Now that people have become comfortable with geospatial technology through consumer applications, it is putting pressure on many parts of the business to intelligently utilize geo-location data.


A decade or so ago, most people would have balked at the idea of carrying around a device in their pocket that could transmit their current location to banks, insurance providers, and other businesses. While we rarely think of smartphones in these terms, many of us have become increasingly reliant upon the convenience geospatial technologies like mapping software and location-based applications offer us.

We use these applications to navigate, find new or existing friends, find a particular product in your area that is on sale, make a reservation at a popular restaurant, arrange for a taxi, and much, much more. We have grown to expect this level of convenience in nearly all aspects of our life—whether it’s with the companies that we do business with or our employers.

Geospatial information systems “used to be a highly-specialized technology, used by only a few individuals for very specific things,” says Clarence Hempfield, Director, Product Management for Pitney Bowes. “But, because location and spatially-aware applications have become a larger part of our everyday life through consumer applications, it’s forcing businesses that haven’t spent any time working with GIS technologies to build and support those types of applications.”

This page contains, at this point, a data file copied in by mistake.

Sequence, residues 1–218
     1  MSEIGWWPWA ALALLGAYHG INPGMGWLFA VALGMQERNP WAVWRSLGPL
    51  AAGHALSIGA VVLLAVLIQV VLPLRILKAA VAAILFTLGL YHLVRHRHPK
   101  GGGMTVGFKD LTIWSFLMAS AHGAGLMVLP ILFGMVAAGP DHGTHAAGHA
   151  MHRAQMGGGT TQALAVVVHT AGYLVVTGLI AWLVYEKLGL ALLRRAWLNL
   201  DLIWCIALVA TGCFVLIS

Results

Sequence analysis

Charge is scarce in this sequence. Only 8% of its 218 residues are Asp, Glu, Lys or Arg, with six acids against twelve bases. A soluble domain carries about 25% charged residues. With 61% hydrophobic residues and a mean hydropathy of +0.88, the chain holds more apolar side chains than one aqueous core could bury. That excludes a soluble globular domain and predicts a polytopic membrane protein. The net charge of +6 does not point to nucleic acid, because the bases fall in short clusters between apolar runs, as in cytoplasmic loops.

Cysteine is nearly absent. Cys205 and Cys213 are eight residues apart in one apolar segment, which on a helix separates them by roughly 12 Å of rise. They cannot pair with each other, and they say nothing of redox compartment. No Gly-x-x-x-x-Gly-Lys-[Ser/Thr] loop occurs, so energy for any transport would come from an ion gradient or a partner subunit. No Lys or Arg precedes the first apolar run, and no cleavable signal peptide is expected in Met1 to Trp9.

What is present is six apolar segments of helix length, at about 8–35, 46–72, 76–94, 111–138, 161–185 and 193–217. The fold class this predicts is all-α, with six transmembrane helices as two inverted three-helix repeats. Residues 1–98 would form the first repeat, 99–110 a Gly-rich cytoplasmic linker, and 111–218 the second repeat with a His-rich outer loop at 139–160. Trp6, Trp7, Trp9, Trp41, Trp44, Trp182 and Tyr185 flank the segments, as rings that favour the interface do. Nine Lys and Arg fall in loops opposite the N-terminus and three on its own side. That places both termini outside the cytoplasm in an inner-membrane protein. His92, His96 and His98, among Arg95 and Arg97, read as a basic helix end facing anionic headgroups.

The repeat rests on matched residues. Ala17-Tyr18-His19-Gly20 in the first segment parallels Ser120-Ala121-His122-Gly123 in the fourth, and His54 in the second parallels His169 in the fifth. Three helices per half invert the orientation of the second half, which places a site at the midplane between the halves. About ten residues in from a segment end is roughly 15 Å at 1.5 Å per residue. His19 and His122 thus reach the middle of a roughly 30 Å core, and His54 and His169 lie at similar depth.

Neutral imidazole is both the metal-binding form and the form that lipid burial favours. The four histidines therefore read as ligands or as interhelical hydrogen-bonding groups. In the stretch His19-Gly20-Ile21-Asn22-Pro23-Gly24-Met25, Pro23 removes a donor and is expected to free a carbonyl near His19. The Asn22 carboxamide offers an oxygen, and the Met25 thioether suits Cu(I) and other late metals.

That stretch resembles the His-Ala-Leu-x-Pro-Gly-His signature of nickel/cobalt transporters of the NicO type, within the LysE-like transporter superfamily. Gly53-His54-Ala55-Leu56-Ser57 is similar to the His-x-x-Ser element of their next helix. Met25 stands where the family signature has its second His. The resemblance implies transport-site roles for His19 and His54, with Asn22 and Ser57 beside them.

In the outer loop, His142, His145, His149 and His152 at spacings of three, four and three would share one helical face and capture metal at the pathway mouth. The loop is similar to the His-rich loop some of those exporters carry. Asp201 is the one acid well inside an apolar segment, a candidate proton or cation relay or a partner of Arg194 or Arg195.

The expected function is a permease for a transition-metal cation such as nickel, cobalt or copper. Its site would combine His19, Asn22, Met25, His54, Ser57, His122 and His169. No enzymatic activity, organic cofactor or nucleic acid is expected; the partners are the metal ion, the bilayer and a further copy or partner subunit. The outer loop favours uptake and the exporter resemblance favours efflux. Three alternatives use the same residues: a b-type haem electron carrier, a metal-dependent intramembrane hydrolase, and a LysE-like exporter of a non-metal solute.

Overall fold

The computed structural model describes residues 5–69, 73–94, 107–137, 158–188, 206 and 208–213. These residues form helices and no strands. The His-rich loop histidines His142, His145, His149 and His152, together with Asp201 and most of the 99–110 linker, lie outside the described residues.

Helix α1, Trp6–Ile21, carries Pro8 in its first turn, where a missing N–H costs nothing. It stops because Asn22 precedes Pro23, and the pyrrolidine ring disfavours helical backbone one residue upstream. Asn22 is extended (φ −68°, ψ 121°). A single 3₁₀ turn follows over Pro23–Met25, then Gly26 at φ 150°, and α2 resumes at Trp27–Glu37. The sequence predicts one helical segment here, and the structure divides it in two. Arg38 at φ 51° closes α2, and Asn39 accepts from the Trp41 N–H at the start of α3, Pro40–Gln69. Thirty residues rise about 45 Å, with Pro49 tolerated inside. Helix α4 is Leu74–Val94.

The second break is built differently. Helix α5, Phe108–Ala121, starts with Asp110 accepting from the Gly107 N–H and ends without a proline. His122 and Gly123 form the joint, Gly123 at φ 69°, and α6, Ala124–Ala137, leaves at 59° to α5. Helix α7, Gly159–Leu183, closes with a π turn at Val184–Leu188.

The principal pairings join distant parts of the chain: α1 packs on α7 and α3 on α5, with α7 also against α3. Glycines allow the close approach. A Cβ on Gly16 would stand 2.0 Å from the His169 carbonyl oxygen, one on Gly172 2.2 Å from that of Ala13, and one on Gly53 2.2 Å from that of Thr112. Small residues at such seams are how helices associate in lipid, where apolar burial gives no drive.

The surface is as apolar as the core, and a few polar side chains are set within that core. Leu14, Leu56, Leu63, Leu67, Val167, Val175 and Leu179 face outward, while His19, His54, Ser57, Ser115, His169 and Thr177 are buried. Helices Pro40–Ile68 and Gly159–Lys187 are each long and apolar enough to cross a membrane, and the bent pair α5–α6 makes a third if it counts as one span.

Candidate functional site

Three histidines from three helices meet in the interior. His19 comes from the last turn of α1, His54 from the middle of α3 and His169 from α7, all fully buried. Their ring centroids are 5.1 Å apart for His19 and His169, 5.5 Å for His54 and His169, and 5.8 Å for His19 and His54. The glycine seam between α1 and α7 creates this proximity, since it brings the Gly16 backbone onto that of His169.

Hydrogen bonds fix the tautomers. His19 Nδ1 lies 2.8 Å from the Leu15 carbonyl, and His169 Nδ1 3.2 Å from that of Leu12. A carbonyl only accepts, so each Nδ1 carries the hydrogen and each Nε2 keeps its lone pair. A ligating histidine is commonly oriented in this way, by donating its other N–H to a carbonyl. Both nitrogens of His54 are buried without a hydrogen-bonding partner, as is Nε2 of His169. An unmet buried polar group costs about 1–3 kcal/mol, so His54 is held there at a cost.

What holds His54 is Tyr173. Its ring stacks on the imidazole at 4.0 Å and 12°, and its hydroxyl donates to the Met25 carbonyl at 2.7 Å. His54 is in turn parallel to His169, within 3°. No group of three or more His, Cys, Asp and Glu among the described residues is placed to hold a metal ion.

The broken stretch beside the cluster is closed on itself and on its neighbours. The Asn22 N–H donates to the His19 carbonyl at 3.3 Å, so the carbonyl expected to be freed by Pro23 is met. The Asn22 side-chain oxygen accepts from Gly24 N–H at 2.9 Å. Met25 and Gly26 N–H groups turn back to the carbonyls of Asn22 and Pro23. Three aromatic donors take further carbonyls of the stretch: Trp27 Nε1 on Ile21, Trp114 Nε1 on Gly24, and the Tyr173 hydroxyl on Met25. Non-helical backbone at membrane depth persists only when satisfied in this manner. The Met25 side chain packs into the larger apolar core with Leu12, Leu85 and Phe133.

In a 2013 study commissioned by Google, the U.K. consulting firm Oxera estimated that geospatial technology services generate between $150 billion and $270 billion in global revenue per year. That would make the sector substantially larger than the video gaming industry, and around a third of the size of the airline industry. The report also says that geospatial technology is growing by 30 percent per year.

The challenge, Hempfield explains, is that many technology professionals lack experience with geo-location. “IT is now being required to build spatially-aware or enabled applications, without a history of working with these technologies,” he says. “That means organizations like Pitney Bowes have had to deliver these capabilities in such a way that a non-GIS expert can build and deliver spatial applications, without that foundation of years of working with the technology.”